Princes' School

From Wikipedia, the free encyclopedia
Jump to navigation Jump to search

Princes' School is a school in Riyadh, Saudi Arabia.

History

King Abdulaziz ibn Abdul Rahman, founder of the school

The Princes' School was established by King Ibn Saud specifically to ensure a high level of education for members of the House of Saud and sons of other foremost Saudis.[1] In 1356 H[2] (corresponding to 1937), the school was reorganised and reopened on the second floor of Deera Palace.[3]

Early in the Ibn Saud newly established country the Council of Senior Scholars or ulema thought education should only involve studying the Qur'an and Sharia law. The school was located in Ibn Saud’s palace and the imam of the Grand Mosque of Mecca taught there.[4] The school was only conducted within the Royal court.[5]

Alumni

See also

References

  1. ^ "Biography of King Fahd bin Abdul Aziz Al-Saud". Babnet. Archived from the original on 2013-10-04. Retrieved 19 September 2015.
  2. ^ "New King Salman". Bilateral US-Arab Chamber of Commerce. Al Arabiya News. 29 January 2015. Retrieved 19 January 2019. King Salman Bin Abdul Aziz was born in Riyadh on 10/5/1354, corresponding to December 31, 1935. He received his early education at Princes’ School in Riyadh, which was established by King Abdulaziz in 1356 to provide education for his children. There he studied religion and modern science, and celebrated the completion of memorizing the whole Quran on Sunday, 12/8/1364 H. The school was managed by Sheikh Abdullah Al Khayat, imam and preacher of the Grand Mosque.
  3. ^ a b "King Fahd Bin Abdulaziz His Childhood (Birth and Upbringing)". Archived from the original on 20 January 2019. Retrieved 20 January 2019.
  4. ^ "New Saudi ruler King Salman bin Abdulaziz". Reuters. Reuters. 23 January 2015. Archived from the original on 2017-11-08. Retrieved 19 January 2019. Prince Salman was taught in the “princes’ school” set up in Ibn Saud’s palace by the imam of the Grand Mosque of Mecca, signaling the importance that Ibn Saud attached to the centrality of pure Islamic belief in the kingdom he created.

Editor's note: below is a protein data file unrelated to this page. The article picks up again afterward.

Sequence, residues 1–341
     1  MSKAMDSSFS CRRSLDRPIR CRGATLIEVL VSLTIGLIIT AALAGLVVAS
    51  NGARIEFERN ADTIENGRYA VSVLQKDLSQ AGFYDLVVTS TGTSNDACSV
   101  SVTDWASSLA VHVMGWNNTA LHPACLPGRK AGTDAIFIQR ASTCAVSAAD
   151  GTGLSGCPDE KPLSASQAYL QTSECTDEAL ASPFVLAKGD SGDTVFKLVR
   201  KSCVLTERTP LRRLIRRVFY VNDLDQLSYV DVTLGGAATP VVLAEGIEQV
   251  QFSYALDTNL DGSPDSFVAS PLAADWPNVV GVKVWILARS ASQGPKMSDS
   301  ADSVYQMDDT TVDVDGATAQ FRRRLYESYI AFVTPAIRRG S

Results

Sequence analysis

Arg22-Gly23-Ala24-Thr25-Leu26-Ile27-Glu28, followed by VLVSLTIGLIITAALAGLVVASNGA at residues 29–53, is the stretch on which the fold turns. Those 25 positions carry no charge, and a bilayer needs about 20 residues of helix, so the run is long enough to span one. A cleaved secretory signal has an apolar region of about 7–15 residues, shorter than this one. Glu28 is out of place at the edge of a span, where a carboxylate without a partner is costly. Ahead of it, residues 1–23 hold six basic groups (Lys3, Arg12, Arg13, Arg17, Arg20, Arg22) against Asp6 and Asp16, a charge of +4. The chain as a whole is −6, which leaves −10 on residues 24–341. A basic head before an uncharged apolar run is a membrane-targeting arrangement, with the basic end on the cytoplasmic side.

5. ^ Bray, Barbara; Darlow, Michael (13 December 2013). Ibn Saud: The Desert Warrior Who Created the Kingdom of Saudi Arabia. USA: Skyhorse Publishing. p. 608. ISBN 9781620874141.
  6. ^ "His royal highness Prince Salman bin Abdulaziz" Archived 2013-09-30 at the Wayback Machine. Ministry of Interior. Retrieved 12 May 2012.
  7. ^ "10 luxurious perks of being the new Saudi king". CBS News. Archived from the original on 2017-07-22. Retrieved 19 January 2019. Salman attended the Princes’ School in Riyadh. Not much is known about it, but it’s said that a previous king founded it specifically for royals and the children of prominent Saudis.
  8. ^ "The King of The Kingdom of Saudi Arabia". Ministry of Education. Archived from the original on 2019-01-19. Retrieved 19 January 2019. King Salman received his early Education in the Princes' School in the Capital City Riyadh, a school established by Ibn Saud specifically to provide Education for his Children. He studied Religion, and Modern Science.
  9. ^ "King Fahd bin Abdul Aziz Al-Saud (1921-2005)". Al Bawaba. 1 August 2015. Archived from the original on 2015-10-02. Retrieved 19 January 2019. Fahd's education took place at the Princes' School in Riyadh, a school established by Ibn Saud specifically for the education of members of the House of Saud (the royal family of Saudi Arabia). While studying at the Princes' School, Fahd studied under well-known tutors including Sheikh Abdul-Ghani Khayat. Following his education at the Princes' School, Fahd moved on to the Religious Knowledge Institute in Mecca, where he studied Wahhabi Islam.
  10. ^ "Key figures". www.telegraph.co.uk. 1 January 2001. Retrieved 19 January 2019. He was born in Riyadh in 1923 and educated at the Princes' School, which was established by his father, King Abdul Aziz.
  11. ^ "Saudi royal court mourns Prince Fawaz bin Abdulaziz". Ain al Yaqeen. 29 July 2008. Archived from the original on 27 September 2013. Retrieved 4 May 2012.
  12. ^ Riedel, Bruce (2015). The Prince of Counterterrorism: Washington's favorite Saudi, Muhammad bin Nayef, is the scourge of al-Qaida and Iran but no friend of those who want to see major reforms in the kingdom. Brookings Institution Press. ISBN 9780815728665. Retrieved 19 January 2019.
  13. ^ "Prince Sattam Bin Abdulaziz Al Saud". 21 November 2016. Retrieved 20 January 2019. He began his early study in the princes school in Riyadh
  14. ^ "King Salman Leads Funeral Prayers for Prince Turki". Asharq Al-awsat. 13 November 2016. Retrieved 20 January 2019. Born in 1934, Prince Turki studied at Princes’ School.
Retrieved from "https://en.wikipedia.org/w/index.php?title=Princes%27_School&oldid=879328922"
This content was retrieved from Wikipedia : http://en.wikipedia.org/wiki/Princes'_School
This page is based on the copyrighted Wikipedia article "Princes' School"; it is used under the Creative Commons Attribution-ShareAlike 3.0 Unported License (CC-BY-SA). You may redistribute it, verbatim or modified, providing that you comply with the terms of the CC-BY-SA